ABSTRACT. This research investigates the relationship between climate policies, carbon pricing, and pollution tax. Building my argument by drawing on data collected from CLOSUP, The Economist, Institute of Public Opinion, IMF, IPCC, NYU Institute for Policy Integrity, Pew Research Center, Statista, World Bank etc., I performed analyses and made estimates regarding support for carbon taxes among U.S. adult respondents (%, 2009–2018), actions undertaken to reduce carbon pollution among U.S. adults (%), U.S. individuals’ preferences for how to spend carbon tax revenues (%), U.S. adults who say certain proposals would make the biggest difference/a difference (but not the biggest difference) in reducing the effects of global climate change (%), distribution of emissions of greenhouse gases by industry sector worldwide (%), time period during which U.S. individuals believe the net effects of climate change will first have a negative impact on the global economy (%), tax benefits: impact of carbon-pricing schemes (CO2 emissions reduction, 2030 estimate, %/revenue, 2030 estimate, % of GDP), and U.S. individuals who think the government should commit to reducing greenhouse gas emissions (%). The data for this research were collected via an online survey questionnaire and were inspected through structural equation modeling on a sample of 4,800 respondents.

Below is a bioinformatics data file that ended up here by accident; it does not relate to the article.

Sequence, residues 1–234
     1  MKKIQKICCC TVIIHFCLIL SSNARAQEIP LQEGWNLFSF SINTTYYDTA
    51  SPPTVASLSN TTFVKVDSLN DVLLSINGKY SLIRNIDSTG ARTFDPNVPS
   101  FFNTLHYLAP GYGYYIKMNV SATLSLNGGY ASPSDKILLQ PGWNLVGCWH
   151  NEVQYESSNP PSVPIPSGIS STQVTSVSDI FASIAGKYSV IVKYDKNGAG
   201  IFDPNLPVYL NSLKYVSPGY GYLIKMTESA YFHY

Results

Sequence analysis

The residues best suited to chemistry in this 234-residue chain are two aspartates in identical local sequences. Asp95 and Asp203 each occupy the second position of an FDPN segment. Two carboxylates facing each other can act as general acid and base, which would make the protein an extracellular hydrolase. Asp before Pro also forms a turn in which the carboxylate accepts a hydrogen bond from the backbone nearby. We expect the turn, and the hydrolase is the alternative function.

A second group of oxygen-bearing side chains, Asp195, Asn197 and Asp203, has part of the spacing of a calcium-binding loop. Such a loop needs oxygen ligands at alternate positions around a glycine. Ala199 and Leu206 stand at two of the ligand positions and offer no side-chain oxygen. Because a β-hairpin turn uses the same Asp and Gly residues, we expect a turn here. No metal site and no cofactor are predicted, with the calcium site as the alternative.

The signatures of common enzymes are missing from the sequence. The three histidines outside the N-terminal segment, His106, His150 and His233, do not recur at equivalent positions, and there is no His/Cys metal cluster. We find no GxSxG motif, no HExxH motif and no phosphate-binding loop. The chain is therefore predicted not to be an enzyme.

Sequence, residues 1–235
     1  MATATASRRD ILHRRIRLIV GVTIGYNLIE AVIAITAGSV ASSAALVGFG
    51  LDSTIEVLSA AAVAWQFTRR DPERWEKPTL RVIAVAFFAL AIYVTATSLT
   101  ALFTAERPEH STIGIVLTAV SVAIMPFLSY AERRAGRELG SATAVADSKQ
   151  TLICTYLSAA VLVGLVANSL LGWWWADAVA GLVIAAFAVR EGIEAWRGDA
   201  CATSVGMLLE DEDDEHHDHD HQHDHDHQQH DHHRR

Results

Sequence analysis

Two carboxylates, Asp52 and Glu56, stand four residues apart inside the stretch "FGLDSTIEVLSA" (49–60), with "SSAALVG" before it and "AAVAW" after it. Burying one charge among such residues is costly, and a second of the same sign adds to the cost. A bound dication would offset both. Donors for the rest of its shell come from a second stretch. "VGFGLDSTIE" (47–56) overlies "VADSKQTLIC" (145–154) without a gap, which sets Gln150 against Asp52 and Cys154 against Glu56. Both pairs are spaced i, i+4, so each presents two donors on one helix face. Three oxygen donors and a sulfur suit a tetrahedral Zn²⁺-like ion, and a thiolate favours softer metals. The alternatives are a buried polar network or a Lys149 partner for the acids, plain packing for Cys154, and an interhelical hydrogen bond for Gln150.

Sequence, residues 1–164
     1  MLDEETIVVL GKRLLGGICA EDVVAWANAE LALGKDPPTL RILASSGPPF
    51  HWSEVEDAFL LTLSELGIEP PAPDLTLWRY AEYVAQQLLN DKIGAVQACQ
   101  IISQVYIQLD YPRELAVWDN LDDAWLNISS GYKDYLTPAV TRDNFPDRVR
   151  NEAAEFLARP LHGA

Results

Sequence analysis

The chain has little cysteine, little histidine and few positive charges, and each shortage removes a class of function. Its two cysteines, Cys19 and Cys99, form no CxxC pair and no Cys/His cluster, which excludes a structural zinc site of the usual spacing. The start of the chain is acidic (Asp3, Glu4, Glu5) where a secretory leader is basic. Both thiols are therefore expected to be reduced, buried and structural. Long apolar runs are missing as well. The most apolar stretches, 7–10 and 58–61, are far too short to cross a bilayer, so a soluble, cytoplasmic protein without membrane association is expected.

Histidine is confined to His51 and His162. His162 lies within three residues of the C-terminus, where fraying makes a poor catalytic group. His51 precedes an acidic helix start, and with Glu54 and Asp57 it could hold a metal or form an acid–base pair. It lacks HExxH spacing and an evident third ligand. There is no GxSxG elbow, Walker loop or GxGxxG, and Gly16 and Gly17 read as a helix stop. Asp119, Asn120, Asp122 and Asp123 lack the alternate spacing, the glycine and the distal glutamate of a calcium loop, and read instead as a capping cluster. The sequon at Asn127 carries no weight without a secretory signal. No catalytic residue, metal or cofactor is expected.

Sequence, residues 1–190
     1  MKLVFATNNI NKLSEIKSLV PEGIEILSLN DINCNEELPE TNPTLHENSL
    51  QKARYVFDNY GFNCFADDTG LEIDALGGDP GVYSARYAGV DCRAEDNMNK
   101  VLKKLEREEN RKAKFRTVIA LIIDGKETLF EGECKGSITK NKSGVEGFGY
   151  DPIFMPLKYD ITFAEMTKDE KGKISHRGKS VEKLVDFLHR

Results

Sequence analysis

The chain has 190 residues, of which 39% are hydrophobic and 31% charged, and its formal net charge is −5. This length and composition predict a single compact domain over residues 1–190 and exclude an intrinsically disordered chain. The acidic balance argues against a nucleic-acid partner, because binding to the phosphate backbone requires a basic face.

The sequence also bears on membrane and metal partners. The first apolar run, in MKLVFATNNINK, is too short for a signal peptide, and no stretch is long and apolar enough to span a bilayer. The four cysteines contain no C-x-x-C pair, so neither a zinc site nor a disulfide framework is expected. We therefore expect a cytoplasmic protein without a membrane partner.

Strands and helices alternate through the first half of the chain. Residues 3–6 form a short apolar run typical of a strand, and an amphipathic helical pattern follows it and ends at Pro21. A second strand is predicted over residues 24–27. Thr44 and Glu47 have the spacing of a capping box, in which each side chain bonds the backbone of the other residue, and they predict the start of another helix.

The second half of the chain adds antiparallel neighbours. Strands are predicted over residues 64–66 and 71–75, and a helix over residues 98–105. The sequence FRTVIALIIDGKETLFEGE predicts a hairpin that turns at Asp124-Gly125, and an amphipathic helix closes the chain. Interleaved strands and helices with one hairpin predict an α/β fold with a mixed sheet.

Keywords: climate policy; carbon pricing; pollution tax; emission

How to cite: Ionescu, Luminița (2019). “Climate Policies, Carbon Pricing, and Pollution Tax: Do Carbon Taxes Really Lead to a Reduction in Emissions?,” Geopolitics, History, and International Relations 11(1): 92–97. doi:10.22381/GHIR11120194

Received 14 December 2018 • Received in revised form 19 May 2019
Accepted 21 May 2019 • Available online 1 June 2019

Luminița Ionescu
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Spiru Haret University, Bucharest, Romania

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